After analyzing the ransomware, researchers found several things that stood out, compared to previous Android ransomware families.
Google has removed an app from the Play Store that contained a new Android ransomware family named Charger.
Additionally, just like a lot of desktop ransomware, Charger included checks that prevented the ransomware from executing if the phone’s owner was from countries such as Russia, Belarus, or the Ukraine.
Last, Charger also included code that would check if the app ran inside Android emulators, and stop the ransomware from triggering.
Second, they loaded malicious code from encrypted resources, where Google’s detection engine could not reach to inspect.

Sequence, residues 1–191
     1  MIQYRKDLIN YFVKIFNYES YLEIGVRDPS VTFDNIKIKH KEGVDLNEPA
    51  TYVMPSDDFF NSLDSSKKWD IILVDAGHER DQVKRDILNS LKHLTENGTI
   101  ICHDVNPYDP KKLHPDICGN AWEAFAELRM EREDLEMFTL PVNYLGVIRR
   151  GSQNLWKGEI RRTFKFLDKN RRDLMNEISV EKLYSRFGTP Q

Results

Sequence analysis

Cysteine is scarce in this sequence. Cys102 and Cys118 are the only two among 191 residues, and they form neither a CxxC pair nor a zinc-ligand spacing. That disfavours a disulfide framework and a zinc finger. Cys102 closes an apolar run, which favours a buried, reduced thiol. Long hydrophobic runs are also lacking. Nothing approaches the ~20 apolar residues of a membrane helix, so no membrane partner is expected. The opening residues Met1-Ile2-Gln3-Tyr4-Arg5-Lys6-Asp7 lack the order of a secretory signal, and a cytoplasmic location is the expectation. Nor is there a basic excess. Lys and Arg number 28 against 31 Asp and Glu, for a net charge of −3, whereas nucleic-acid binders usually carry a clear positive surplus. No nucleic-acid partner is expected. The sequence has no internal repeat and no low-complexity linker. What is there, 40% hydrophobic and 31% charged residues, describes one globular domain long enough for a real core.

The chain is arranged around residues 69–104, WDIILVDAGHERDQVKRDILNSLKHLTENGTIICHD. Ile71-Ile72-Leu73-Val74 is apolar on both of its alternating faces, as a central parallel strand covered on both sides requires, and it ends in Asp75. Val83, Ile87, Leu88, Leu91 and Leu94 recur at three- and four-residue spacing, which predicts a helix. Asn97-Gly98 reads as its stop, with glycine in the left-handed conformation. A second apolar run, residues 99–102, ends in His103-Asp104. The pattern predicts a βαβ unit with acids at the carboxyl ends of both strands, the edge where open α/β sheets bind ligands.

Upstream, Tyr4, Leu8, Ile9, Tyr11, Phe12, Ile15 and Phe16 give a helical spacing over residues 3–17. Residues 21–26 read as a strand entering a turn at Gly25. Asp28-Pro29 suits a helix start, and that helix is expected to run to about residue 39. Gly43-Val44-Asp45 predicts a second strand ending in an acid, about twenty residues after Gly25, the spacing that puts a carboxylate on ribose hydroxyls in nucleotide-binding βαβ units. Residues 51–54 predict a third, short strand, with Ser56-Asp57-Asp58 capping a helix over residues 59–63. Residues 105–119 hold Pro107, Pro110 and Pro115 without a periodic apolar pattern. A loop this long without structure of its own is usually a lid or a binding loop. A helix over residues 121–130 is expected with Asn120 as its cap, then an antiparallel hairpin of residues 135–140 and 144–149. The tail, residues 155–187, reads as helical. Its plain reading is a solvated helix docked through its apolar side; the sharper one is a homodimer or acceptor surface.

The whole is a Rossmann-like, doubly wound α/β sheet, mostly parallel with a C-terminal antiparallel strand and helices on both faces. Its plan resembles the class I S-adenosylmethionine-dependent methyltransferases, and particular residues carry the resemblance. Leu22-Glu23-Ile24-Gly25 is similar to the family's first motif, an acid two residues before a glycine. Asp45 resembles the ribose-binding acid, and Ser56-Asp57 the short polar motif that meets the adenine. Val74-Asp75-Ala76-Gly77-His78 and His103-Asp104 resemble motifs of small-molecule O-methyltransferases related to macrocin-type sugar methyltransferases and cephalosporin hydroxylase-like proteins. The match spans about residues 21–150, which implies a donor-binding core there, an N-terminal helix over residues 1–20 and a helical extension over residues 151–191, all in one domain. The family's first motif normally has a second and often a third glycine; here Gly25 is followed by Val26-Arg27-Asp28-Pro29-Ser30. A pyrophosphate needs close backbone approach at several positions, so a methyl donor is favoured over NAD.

Ransomware app hosted in Google Play infects unsuspecting Android user
Google Play, the official market for Android apps, was caught hosting a ransomware app that infected at least one real-world handset, security researchers said Tuesday.
In an e-mail, Check Point researchers said the app was available in Google Play for four days and had only a “handful” of downloads.
Google officials have since removed the app and have thanked Check Point for raising awareness of the issue.
The ransomware was dubbed Charger and was hidden inside an app called EnergyRescue, according to a blog post published by security firm Check Point Software.
In the blog post, Check Point researchers added:Most malware found on Google Play contains only a dropper that later downloads the real malicious components to the device.
collected by :Mina Lony